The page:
March 06, 2013
Lectures and Panels
2012-2013
Austin Hall 111, Harvard Law School

Pharmaceutical researchers pursue medical treatment and diagnostic methods to target diseases specific to certain demographic groups. Such pursuit is often motivated by commercialization through patenting. Are these research innovations a solution to orphan diseases? Or do they foster a culture of niche, designer medicine? 

This lecture, based on the book Identity, Invention, and the Culture of Personalized Medicine Patenting (Cambridge 2012), by Professor Shubha Ghosh of the University of Wisconsin Law School, examined these questions through discussion of BiDil, the first drug FDA approved specifically for the African-American population; Myriad's patented diagnostic method for identifying breast cancer in Ashkenazi Jewish women; Prometheus' patent for treating Crohn's Disease (invalidated by the Supreme Court in 2012 in an infringement suit by Prometheus against the Mayo Clinic); and other provocative examples at the intersection of patent and health law.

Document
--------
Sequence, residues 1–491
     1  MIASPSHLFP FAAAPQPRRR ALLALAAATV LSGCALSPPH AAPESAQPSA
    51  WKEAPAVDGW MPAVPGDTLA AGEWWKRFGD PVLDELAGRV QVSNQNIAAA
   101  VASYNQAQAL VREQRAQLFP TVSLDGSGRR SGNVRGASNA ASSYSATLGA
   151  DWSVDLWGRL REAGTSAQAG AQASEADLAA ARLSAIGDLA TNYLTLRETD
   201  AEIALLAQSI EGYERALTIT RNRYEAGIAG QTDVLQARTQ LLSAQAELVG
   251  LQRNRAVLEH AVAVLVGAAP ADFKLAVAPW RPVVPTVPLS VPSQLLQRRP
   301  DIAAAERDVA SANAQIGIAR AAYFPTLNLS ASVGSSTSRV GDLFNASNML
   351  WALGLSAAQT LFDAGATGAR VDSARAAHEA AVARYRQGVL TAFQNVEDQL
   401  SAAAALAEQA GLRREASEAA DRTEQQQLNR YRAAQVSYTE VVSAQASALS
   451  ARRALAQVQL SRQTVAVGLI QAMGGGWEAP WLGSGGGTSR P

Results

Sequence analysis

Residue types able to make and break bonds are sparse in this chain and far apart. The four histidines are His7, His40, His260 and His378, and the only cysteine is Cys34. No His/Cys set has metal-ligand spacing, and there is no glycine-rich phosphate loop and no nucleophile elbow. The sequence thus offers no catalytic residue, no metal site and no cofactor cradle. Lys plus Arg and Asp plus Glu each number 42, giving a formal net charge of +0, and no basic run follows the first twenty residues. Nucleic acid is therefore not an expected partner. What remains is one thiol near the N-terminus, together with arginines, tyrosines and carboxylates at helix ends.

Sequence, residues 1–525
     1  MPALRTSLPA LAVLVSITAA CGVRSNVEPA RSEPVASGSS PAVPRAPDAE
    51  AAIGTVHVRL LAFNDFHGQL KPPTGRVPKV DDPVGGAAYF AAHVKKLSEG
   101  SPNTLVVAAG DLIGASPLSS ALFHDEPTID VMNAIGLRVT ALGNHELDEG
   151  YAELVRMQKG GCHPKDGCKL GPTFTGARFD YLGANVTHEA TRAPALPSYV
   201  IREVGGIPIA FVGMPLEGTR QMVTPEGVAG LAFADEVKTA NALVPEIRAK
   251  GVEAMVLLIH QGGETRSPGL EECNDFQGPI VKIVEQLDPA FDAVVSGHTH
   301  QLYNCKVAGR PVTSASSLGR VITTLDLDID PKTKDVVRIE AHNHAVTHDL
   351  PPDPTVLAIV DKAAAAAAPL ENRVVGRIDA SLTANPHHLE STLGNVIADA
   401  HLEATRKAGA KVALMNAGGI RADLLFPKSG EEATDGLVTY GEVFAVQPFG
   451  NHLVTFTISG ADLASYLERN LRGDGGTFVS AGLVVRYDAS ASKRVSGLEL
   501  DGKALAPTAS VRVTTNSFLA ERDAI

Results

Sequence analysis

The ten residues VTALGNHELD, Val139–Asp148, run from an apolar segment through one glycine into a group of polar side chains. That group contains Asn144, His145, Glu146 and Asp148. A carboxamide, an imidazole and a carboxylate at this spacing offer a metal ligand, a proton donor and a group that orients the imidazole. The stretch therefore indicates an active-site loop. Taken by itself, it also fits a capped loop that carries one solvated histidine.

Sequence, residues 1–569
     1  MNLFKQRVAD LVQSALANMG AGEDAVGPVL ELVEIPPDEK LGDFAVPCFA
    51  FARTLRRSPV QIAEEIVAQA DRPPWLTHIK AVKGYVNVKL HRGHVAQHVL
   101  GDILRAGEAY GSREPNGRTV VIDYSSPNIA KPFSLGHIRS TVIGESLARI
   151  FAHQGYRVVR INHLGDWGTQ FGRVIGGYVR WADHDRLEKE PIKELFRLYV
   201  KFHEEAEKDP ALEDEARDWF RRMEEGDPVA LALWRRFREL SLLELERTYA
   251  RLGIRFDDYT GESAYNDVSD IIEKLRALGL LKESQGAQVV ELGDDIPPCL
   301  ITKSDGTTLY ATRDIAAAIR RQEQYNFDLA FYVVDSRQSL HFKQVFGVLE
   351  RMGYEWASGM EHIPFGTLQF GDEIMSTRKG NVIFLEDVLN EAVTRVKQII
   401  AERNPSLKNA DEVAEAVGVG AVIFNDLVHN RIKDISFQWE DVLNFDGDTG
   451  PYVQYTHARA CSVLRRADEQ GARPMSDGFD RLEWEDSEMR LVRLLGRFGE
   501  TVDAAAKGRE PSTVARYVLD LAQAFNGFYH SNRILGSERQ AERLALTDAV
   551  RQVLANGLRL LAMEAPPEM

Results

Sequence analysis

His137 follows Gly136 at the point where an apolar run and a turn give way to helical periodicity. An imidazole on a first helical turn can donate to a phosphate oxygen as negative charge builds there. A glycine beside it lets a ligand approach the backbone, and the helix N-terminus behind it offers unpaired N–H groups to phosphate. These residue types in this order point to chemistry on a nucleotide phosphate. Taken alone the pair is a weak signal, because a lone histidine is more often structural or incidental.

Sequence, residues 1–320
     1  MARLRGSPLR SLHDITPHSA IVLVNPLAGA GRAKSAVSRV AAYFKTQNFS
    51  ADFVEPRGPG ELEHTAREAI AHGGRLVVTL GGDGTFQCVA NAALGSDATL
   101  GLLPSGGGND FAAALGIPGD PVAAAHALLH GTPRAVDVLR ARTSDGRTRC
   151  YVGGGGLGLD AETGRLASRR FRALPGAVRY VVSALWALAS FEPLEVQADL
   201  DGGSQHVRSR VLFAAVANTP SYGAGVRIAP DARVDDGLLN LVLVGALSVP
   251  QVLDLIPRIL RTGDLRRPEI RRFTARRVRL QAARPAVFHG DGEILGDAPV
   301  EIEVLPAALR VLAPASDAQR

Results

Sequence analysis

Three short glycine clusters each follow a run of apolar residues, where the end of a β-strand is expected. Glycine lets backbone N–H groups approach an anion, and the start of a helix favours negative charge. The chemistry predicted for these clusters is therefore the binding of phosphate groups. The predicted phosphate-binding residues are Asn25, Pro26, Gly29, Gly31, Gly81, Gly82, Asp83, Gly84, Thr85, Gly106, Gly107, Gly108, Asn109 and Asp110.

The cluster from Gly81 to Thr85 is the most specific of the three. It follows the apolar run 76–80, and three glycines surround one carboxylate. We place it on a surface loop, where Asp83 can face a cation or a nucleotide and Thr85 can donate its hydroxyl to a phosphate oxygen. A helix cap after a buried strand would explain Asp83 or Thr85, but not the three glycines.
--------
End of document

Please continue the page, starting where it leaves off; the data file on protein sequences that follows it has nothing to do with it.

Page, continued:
Professor Benjamin Roin, Heiken Assistant Professor in Patent Law at Harvard and Petrie-Flom Center Faculty co-Director, served as discussant.

Watch the lecture here

Tags

benjamin n. roin fda gene patenting genetics health law policy intellectual property judicial opinions pharmaceuticals